Florida, like all states, has a construction lien statute for private projects so that trade creditors can protect their lien rights. But Florida is the only state with an additional form of protection for private projects called the Notification of Specialty Fabricated Materials. Specialty fabricated materials are materials manufactured specifically for a private project that cannot be sold anywhere else. The notice for specialty fabricated materials must be sent as soon as possible, but no later than 45 days after the first fabrication of the specialty fabricated materials. For private projects in Florida, The Notification of Specialty Fabricated Materials is sent to the owner in case the order of specialty fabricated materials is canceled or not delivered within 45 days. If the notice is not sent in time, then the creditor is left with no lien rights.
Why It Matters:
This part of the statute is often overlooked and underused, said Chris Ring of NACM's Secured Transaction Services. "Companies that could use this part of the statute are manufacturers, like those who fabricate structural steel," he explained. "Making a notification within 45 days of first fabrication maintains their lien rights in case the materials aren't delivered."
Construction credit professional must understand the best time to leverage the Notification of Specialty Fabricated Materials in Florida. "I wouldn't send a notice for specialty fabricated material on a residential job until the value reaches the $2,000-$10,000 range, maybe even more," said Wade Mullins, credit manager at Quality Precast Company, Inc. (Brandon, FL) and member of the Florida Improved Construction Practices Committee. "We do send notices for commercial jobs but we have a few exceptions. I have a customer that pays us from the eighth to the thirteenth of every month by check and I don't need to send a notice for that."
Large orders are more in need of a notice since they have a higher risk of getting canceled by the owner or general contractor. "I counsel people on large orders in the $100,000 range," Ring said. "The notice is a risk mitigator especially if there are concerns that the order will be canceled before the materials are delivered to the jobsite. Wholesalers, companies that buy products from another and resell them, do not meet the criteria because they are buying something in bulk, so they are not eligible to use the statute."
Suppliers that order specialty fabricated materials such as windows, compressors or generators for a specific project, typically do not know when in the 45-day window for the materials to be delivered is, Mullins said. "Essentially, the time starts ticking the day the specialty fabricated materials are first manufactured instead of the day after the delivery as it is for on-the-shelf products like lumber, concrete blocks or ready-mix concrete."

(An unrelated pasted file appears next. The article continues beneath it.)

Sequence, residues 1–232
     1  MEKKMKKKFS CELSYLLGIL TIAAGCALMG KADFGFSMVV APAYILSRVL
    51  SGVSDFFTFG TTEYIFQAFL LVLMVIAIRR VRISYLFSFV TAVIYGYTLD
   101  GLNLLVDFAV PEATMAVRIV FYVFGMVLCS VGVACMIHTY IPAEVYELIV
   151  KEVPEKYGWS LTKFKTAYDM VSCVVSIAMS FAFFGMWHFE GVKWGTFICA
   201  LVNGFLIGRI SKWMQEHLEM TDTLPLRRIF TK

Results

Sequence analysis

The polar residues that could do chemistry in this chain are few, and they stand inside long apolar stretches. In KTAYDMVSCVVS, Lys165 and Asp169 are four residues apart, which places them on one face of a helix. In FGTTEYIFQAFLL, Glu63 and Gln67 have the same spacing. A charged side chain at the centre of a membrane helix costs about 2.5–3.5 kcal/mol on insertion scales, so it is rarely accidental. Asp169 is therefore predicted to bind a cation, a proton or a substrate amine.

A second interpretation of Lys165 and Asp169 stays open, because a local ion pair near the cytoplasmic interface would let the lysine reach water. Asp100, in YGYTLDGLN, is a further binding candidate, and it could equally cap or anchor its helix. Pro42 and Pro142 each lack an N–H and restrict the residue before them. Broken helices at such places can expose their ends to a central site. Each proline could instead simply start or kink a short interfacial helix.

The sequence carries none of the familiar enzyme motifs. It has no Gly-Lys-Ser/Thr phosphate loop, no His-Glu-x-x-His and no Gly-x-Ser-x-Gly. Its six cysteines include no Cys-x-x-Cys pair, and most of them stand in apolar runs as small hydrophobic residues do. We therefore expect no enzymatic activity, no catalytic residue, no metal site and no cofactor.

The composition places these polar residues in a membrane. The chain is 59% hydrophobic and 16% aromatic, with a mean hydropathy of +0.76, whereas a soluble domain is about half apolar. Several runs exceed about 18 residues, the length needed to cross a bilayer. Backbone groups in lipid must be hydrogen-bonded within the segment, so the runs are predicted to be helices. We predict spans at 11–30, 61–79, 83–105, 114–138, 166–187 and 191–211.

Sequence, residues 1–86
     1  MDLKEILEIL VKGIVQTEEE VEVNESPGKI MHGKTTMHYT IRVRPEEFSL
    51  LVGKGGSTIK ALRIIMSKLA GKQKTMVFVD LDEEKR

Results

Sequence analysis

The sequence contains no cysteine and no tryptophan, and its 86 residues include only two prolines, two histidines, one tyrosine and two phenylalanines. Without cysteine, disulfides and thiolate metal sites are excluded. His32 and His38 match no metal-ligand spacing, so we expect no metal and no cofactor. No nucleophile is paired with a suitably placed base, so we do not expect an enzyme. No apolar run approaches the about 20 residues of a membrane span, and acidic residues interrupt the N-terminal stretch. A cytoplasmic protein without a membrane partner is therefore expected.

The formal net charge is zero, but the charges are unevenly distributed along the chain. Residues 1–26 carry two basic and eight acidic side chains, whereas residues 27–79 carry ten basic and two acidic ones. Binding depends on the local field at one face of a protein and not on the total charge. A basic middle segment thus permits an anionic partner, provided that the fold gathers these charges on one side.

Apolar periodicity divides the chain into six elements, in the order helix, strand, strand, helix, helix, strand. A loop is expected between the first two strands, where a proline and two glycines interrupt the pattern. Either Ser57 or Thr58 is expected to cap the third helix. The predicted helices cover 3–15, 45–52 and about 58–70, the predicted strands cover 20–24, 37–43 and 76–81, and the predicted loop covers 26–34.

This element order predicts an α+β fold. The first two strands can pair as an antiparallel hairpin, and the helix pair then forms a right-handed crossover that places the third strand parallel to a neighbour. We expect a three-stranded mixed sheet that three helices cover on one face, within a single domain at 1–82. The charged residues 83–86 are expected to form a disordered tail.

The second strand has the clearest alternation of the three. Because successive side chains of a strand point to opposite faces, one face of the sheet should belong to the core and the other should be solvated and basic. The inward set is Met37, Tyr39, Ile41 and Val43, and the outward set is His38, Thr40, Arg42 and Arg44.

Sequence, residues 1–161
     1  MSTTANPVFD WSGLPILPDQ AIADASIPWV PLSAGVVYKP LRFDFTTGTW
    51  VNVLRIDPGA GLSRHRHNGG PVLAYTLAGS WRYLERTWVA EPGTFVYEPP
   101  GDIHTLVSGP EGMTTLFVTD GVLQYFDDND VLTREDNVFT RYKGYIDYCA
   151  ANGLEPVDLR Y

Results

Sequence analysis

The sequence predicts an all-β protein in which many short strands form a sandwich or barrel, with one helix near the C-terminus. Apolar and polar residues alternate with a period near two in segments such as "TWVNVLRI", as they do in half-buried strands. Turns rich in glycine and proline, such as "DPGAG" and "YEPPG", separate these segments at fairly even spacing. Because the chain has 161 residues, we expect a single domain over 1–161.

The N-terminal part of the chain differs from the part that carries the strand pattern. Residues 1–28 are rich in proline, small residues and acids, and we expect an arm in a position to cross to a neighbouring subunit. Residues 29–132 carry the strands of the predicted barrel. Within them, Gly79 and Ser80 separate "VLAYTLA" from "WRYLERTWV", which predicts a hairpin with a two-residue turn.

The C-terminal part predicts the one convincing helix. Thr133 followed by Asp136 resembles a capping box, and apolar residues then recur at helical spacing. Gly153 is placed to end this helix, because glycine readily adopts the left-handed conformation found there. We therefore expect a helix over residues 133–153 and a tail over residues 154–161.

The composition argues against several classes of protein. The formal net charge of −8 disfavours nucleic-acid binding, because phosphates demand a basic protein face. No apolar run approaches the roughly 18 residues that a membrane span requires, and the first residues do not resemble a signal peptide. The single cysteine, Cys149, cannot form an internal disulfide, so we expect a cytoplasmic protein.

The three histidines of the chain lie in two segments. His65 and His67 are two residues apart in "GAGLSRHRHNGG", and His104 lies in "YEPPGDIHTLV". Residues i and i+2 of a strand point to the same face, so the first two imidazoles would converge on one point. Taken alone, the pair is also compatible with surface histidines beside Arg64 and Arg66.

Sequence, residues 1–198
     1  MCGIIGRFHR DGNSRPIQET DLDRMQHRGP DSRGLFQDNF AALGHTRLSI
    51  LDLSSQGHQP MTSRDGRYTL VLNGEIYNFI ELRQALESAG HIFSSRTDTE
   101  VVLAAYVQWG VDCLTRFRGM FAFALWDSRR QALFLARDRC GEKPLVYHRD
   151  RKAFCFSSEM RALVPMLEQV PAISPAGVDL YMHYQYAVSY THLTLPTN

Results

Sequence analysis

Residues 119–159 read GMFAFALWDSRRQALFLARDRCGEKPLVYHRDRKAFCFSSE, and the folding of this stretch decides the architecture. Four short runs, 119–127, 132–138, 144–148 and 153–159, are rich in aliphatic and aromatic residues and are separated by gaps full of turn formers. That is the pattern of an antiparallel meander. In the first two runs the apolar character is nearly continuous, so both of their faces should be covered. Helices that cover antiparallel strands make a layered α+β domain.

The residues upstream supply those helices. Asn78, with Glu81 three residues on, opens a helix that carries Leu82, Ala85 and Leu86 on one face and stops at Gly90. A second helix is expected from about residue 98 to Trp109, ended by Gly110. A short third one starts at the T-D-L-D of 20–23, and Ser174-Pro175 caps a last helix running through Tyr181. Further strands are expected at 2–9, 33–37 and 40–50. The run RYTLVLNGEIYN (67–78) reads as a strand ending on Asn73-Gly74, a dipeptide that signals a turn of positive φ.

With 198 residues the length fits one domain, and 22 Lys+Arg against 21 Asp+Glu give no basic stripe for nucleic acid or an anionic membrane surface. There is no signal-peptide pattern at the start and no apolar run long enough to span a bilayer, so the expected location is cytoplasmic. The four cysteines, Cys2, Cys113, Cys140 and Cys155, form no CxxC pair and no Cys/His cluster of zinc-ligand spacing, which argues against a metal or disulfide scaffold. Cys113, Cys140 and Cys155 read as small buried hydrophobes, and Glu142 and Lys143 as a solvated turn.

A lot of times, contractors do not like to receive notices early, but it is your legal right to send them, Mullins said. "You can just give them a $10 Release for Construction Documents, which means that the plans and specifications prepared by the design builder, approved by the owner and incorporated into this Agreement by reference after such approval, are to be used to construct the project."
Sometimes contractors don't turn on specialty equipment until they get the Certificate of Occupancy, which is a document that proves the building complies with the plans and specifications that have been submitted and approved by the local building or zoning authority. And by that time, the contractors are requesting their releases.
For private projects in Florida where you need specialty fabricated materials, send a notice out as soon as possible. The Notification of Specialty Fabricated Materials not only protects your lien rights as a trade creditor, but also protects the owner. "The owner needs to collect a release at the time they give a check," Mullins said. "Sometimes we give conditional releases if we receive a check within seven to 15 days. We put material out there for 30-60 days and we're the ones taking all the risk. The owner will accept conditional releases to protect themselves. If they don't get the releases, I have my lien rights."
-Jamilex Gotay, editorial associate